Such a seizure of power and destruction of lawful government, they believed “could happen here” because generally, the public favors soldiers. As the great French philosopher on whom they drew constantly, Montesquieu warned them, the public will idolize soldiers and demean civilian leaders. Military leaders appear manly and brave, offer what appear to be simple solutions to complex problems and put on great displays. The fife and the drum have always enchanted not only warriors but also adoring civilian, as in the overthrow of Roman Republic to impose upon them a dictatorship.
The first serious test of our system came under President Thomas Jefferson. His America was caught in the arms of a British and French vice, the Royal Navy and Napoleon’s army, and was being squeezed. More than being squeezed, its understanding of the nature of the carefully balanced system the Founding Fathers had created was being challenged. How could America be strong enough both to defend itself both against foreign attack and yet preserve its liberties? The debate over that question became bitter and has never since been resolved.
As the great American historian Henry Adams wrote,
In the Republican party [Jefferson’s party] any vote for a standing army had been hitherto considered a crime. The Federalists in 1801 had left a force of five thousand men; Jefferson reduced it to three thousand…The United States fort at Newport was garrisoned only by goats…War, which every other nation in history had looked upon as the first duty of a State, was in America a subject for dread, not so much because of possible defeat as of probable success.
Jefferson’s son-in-law, Congressman John W. Eppes, told his colleagues in the House of Representatives that
If we depend on regular troops alone, the liberty of the country must finally be destroyed by that army which is raised to defend it…It is by standing armies and very often by men raised ln an emergency and professing virtuous feeing, but who eventually turned their arms against their country.”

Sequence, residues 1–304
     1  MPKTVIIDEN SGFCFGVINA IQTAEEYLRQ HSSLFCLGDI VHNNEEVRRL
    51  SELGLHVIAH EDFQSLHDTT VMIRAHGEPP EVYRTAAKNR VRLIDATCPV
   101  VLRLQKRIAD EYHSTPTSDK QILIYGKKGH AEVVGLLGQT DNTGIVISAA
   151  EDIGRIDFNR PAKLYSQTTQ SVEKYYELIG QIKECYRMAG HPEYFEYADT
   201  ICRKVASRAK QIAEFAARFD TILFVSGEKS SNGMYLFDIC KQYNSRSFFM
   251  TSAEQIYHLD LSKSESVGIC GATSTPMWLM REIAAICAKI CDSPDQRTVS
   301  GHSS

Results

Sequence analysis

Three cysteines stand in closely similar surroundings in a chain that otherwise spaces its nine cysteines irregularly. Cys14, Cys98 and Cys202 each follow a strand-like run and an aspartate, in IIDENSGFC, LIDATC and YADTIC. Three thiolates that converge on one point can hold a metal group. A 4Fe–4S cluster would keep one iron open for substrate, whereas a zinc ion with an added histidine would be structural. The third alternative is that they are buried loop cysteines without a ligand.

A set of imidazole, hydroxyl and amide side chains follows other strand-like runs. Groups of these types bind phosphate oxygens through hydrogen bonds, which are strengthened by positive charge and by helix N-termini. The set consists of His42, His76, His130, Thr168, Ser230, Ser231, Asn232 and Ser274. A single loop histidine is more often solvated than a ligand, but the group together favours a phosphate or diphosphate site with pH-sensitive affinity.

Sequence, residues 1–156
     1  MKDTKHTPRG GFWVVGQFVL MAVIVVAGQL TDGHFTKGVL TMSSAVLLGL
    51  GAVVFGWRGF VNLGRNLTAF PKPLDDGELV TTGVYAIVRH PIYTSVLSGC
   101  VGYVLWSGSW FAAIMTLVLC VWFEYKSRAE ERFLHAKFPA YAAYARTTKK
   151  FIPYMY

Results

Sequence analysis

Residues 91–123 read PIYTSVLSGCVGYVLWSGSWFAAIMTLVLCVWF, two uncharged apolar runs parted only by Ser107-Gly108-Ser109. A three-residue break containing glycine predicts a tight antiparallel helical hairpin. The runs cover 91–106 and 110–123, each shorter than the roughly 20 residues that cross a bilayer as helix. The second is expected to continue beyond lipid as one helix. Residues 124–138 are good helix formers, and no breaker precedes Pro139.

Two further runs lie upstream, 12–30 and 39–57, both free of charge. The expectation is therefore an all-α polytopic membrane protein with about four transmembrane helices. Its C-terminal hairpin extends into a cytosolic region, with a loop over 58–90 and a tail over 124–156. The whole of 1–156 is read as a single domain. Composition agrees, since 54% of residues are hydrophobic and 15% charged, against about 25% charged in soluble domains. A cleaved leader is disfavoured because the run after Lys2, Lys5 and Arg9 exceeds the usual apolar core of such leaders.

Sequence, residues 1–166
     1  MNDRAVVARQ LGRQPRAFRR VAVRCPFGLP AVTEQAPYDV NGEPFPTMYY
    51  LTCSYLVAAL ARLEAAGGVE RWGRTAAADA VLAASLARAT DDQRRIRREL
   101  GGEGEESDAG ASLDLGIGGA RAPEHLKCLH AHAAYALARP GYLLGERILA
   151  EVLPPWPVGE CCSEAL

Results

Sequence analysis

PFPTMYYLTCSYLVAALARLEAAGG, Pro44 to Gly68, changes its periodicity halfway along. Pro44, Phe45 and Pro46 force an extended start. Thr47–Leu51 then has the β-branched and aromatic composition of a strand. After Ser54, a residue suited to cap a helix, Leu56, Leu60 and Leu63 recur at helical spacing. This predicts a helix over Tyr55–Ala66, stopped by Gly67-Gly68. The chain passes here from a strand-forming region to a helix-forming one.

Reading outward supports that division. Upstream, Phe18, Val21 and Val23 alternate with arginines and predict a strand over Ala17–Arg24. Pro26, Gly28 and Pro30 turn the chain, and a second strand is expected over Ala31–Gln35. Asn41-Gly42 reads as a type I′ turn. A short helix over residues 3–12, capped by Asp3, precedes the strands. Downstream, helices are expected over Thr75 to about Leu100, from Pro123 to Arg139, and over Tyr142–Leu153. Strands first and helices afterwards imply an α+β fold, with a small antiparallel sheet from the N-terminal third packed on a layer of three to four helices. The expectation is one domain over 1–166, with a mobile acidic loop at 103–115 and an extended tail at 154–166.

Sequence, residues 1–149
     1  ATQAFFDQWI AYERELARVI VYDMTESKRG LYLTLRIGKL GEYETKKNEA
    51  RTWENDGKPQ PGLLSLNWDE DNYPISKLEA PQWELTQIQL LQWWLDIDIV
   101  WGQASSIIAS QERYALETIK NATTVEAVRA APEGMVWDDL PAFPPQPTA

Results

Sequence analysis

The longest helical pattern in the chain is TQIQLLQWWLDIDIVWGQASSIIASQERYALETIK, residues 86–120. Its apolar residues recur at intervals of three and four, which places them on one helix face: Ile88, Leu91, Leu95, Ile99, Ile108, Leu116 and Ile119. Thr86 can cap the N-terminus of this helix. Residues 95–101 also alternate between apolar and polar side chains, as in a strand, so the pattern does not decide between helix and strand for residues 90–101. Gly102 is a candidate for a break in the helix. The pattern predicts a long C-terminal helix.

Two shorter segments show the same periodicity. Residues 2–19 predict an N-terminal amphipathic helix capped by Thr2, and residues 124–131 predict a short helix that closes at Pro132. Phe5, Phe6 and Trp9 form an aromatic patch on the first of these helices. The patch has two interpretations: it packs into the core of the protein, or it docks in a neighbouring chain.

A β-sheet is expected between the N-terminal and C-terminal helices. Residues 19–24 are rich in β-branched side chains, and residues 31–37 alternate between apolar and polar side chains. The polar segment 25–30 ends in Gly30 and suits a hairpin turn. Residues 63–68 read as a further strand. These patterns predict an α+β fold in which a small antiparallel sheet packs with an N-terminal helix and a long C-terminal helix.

Jefferson had always taken the same position, but, at the end of his Administration, fearing a British invasion more than “the risk of military despotism at home,” he asked Congress to authorize an additional enrollment of 6,000 soldiers . . .
In a war with Iran, we would of course seek to divide the Iranians and win the “hearts and minds” of a significant number. But, in the context of a brutal guerrilla war it would be hard for any Iranians, even those who hate the current regime, to support us. I don’t see even the mojahedin-e khalq playing a South Vietnam-like or Kabul-like role. We would quickly find ourselves alone. The Israelis would give only token support; the British might help but they could not do not much; the Europeans would distance themselves; and the Russians and Chinese would see our entrapment in the war as a major opportunity.
The result: I predict a very long guerrilla war, far into the future, worse even than Afghanistan, and costing huge casualties on both sides, and ultimately costing us about four or five times as much as the Iraq-Afghan wars, perhaps as much as $20 trillion. So severe would be the dislocation to the international system that it is at least possible that warfare in Iran would spill over into other conflicts. Finally, even worse might be the impact on our increasingly brittle social-political-legal system. The attack on Afghanistan destroyed the Soviet Union. Is it impossible that an attack on Iran could destroy the essence of our democratic civil culture?
I hope we won’t try to answer that question.